Callaghan, G. (2008) 'Evaluation and negotiated order : developing the application of complexity theory.', Evaluation., 14 (4). pp. 393-405.
This article argues that complexity theory has the potential to bring important insights in reframing of the role and practice of evaluation but that the utility of complexity theory needs to be developed to support its application in evaluation research.This article focuses on the implications of a reformed relationship between theory and the empirical setting for what we can learn in evaluating policy. It suggests that while complexity theory provides a new way of looking at causal relationships and how we should approach them, we need to develop complexity-consistent approaches to understanding the interplay of agency and structure at the local level, the level at which explanation is deemed possible in complexity theory. It is proposed that the theory of negotiated order offers a basis to fill that gap in evaluation practice and to provide promise for theory-informed policy.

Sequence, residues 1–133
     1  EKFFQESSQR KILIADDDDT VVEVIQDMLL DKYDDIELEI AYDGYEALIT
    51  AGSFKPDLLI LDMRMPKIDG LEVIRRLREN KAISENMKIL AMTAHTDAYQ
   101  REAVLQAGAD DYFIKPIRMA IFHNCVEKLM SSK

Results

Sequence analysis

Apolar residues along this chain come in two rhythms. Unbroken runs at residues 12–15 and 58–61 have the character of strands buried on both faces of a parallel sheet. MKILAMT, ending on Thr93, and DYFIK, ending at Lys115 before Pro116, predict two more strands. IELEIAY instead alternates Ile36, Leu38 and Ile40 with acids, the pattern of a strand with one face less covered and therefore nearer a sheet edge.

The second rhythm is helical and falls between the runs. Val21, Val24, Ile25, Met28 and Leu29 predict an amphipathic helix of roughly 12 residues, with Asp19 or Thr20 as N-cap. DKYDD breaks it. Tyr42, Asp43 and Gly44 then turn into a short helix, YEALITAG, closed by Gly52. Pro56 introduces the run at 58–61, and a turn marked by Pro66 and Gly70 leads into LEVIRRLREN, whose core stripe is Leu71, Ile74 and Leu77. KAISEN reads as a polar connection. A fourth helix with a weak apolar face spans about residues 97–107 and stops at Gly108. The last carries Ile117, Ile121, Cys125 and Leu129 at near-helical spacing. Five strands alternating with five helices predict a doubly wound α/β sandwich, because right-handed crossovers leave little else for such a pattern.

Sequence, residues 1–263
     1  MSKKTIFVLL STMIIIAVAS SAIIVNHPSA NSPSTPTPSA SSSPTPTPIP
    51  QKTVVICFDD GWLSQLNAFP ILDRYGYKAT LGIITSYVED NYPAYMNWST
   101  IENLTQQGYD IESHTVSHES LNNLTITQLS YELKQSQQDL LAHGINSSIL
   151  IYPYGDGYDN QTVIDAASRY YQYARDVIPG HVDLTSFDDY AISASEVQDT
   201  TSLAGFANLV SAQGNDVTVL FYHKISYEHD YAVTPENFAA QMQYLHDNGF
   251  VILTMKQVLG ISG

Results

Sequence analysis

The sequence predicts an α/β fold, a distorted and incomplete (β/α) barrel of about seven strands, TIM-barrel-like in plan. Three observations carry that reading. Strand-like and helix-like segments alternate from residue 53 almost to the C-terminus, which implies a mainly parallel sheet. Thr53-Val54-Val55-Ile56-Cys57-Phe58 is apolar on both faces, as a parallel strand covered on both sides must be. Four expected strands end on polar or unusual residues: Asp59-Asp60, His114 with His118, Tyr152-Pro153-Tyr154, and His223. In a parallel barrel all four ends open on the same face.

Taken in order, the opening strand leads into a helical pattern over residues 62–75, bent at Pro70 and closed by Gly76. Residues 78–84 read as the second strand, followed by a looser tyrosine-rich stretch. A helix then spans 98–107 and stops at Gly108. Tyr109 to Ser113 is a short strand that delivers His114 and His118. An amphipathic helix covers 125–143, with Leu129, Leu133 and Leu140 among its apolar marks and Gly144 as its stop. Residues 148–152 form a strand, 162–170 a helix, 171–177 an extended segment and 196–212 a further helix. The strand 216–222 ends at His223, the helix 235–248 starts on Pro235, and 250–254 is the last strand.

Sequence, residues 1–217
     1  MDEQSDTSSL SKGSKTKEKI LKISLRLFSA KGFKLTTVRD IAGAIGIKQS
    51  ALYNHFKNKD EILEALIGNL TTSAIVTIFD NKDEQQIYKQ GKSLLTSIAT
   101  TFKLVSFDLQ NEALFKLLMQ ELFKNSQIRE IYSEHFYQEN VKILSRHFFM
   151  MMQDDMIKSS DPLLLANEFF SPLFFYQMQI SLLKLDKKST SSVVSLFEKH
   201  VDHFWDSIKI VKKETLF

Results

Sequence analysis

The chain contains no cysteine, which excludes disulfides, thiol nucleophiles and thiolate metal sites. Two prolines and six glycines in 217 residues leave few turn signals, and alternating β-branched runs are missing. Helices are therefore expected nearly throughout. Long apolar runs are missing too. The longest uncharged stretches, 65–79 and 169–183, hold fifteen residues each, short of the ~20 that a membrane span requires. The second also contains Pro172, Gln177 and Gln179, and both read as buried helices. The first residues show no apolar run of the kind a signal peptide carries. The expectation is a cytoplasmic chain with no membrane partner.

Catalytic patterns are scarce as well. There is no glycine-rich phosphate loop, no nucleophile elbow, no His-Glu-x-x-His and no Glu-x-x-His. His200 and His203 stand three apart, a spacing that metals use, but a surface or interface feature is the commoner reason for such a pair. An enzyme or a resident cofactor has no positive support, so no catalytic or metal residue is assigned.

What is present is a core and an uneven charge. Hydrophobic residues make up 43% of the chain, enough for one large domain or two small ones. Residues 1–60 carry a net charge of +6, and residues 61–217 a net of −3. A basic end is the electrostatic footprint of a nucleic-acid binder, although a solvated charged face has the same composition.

|Keywords:||Complexity, Evaluation, Negotiated order, Policy, Structure and agency.|
|Full text:||PDF - Accepted Version (251Kb)|
|Publisher Web site:||http://dx.doi.org/10.1177/1356389008095485|
|Publisher statement:||The final definitive version of this article has been published in the Journal Evaluation 14/4 2008 © SAGE Publications at the Evaluation page http://evi.sagepub.com/ on SAGE Journals Online: http://online.sagepub.com|
|Record Created:||25 Jan 2010 14:35|
|Last Modified:||09 Dec 2011 09:13|
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